Document Type

Article

Publication Date

7-7-2021

Publication Title

Spine (Phila Pa 1976)

Abstract

STUDY DESIGN: Michigan Spine Surgery Improvement Collaborative (MSSIC) prospectively collects data on all patients undergoing operations for degenerative and/or deformity indications.

OBJECTIVE: We aimed to identify which factors are significantly associated with return-to-work after lumbar surgery at long-term follow-up.

SUMMARY OF BACKGROUND DATA: Prior publications have created a clinically relevant predictive model for return-to-work, wherein education, gender, race, comorbidities, and preoperative symptoms increased likelihood of return-to-work at 3 months after lumbar surgery. We sought to determine if these trends 1) persisted at 1 year and 2 years postoperatively; or 2) differed among preoperatively employed versus unemployed patients.

METHODS: MSSIC was queried for all patients undergoing lumbar operations (2014-2019). All patients intended to return-to-work postoperatively. Patients were followed for up to 2 years postoperatively. Measures of association were calculated with multivariable generalized estimating equations (GEE).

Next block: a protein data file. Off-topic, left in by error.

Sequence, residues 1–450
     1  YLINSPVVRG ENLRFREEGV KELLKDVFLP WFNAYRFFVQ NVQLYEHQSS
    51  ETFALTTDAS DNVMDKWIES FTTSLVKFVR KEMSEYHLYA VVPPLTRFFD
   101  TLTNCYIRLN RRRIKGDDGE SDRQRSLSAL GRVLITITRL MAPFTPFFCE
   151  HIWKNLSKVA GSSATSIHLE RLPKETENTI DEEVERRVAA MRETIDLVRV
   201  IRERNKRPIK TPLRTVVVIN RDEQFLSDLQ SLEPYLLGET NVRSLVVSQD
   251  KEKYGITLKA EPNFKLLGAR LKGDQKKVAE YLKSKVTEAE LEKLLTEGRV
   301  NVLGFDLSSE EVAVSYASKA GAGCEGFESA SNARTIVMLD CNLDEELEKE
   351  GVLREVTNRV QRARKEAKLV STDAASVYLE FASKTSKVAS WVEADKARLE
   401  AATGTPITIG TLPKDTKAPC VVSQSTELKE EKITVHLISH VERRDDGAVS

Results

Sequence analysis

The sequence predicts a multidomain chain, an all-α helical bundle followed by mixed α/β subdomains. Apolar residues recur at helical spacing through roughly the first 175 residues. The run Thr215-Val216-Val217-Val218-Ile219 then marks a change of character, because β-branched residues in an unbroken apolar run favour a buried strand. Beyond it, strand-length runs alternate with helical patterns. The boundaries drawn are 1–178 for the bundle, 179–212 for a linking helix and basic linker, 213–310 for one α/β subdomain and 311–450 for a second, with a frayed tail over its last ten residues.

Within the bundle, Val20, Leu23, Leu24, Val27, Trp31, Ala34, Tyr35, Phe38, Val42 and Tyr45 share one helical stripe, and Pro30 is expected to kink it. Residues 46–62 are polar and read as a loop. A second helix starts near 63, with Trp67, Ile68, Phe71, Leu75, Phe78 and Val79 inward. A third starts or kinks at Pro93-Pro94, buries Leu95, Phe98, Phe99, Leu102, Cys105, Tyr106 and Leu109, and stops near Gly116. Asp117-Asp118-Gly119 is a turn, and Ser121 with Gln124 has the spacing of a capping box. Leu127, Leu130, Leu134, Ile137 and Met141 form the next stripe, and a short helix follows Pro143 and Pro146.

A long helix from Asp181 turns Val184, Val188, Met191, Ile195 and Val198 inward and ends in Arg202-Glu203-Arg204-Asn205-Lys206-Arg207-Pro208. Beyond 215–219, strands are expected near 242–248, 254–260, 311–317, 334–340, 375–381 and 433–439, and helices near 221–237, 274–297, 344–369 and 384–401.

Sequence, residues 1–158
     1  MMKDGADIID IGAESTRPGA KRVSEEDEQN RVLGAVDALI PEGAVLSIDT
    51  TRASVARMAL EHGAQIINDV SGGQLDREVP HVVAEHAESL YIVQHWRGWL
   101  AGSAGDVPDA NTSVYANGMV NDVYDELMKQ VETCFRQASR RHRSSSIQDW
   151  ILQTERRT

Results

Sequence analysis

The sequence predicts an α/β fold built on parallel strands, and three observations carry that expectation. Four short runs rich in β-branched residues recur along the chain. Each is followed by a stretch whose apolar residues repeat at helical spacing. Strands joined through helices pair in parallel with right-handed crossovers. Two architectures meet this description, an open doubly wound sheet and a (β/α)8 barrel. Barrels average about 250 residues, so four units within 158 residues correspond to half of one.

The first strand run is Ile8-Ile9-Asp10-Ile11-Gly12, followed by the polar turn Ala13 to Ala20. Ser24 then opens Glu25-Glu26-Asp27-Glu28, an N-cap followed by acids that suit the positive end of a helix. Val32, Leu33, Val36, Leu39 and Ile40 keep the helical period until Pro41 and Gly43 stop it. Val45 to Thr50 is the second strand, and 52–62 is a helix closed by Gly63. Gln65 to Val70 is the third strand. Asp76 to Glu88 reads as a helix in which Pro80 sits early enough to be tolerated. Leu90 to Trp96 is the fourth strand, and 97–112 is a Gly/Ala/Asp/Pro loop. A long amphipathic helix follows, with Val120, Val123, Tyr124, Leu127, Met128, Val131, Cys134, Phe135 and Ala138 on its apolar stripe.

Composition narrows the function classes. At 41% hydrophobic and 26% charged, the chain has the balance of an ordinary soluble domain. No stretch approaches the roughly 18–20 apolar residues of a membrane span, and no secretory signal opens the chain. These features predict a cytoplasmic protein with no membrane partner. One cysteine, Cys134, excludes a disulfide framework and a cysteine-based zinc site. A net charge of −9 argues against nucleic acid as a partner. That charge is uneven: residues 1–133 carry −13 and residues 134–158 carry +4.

RESULTS: Return-to-work increased from 63% (3542/5591) at 90 days postoperatively to 75% (3143/4147) at 1 year and 74% (2133/2866) at 2 years postoperatively. Following GEE, neither clinical nor surgical variables predicted return-to-work at all three time intervals: 90 days, 1 year, and 2 years postoperatively. Only socioeconomic factors reached statistical significance at all follow-up points. Preoperative employment followed by insurance status had the greatest associations with return-to-work. In a sub-analysis of patients who were preoperatively employed, insurance was the only factor with significant associations with return-to-work at all three follow-up intervals. The return-to-work rates among unemployed patients at baseline increased from 29% (455/1100) at 90 days, 44% (495/608) at 1 year, and 46% (366/426) at 2 years postoperatively. The only two significant factors associated with return-to-work at all three follow-up intervals were Medicaid, as compared to private insurance, and male gender.

CONCLUSION: In patients inquiring about long-term return-to-work after lumbar surgery, insurance status represents the important determinant of employment status. Level of Evidence: 2.

Comments

DOI://10.1097/BRS.0000000000004163

PubMed ID

34265812

ePublication

ePub ahead of print

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